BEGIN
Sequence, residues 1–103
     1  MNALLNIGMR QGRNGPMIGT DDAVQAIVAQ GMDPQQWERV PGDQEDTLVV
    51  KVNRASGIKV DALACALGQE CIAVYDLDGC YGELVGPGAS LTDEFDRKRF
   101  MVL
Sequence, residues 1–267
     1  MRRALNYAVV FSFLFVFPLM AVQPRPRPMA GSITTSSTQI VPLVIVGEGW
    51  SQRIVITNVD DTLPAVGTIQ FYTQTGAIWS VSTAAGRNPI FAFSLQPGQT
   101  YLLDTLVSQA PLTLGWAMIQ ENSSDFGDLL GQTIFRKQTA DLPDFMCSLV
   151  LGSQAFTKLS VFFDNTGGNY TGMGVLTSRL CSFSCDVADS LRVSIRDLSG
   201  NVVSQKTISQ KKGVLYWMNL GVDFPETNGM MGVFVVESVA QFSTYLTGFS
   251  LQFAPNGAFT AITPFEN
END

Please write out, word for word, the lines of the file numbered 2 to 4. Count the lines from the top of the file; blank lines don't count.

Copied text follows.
     1  MNALLNIGMR QGRNGPMIGT DDAVQAIVAQ GMDPQQWERV PGDQEDTLVV
    51  KVNRASGIKV DALACALGQE CIAVYDLDGC YGELVGPGAS LTDEFDRKRF
   101  MVL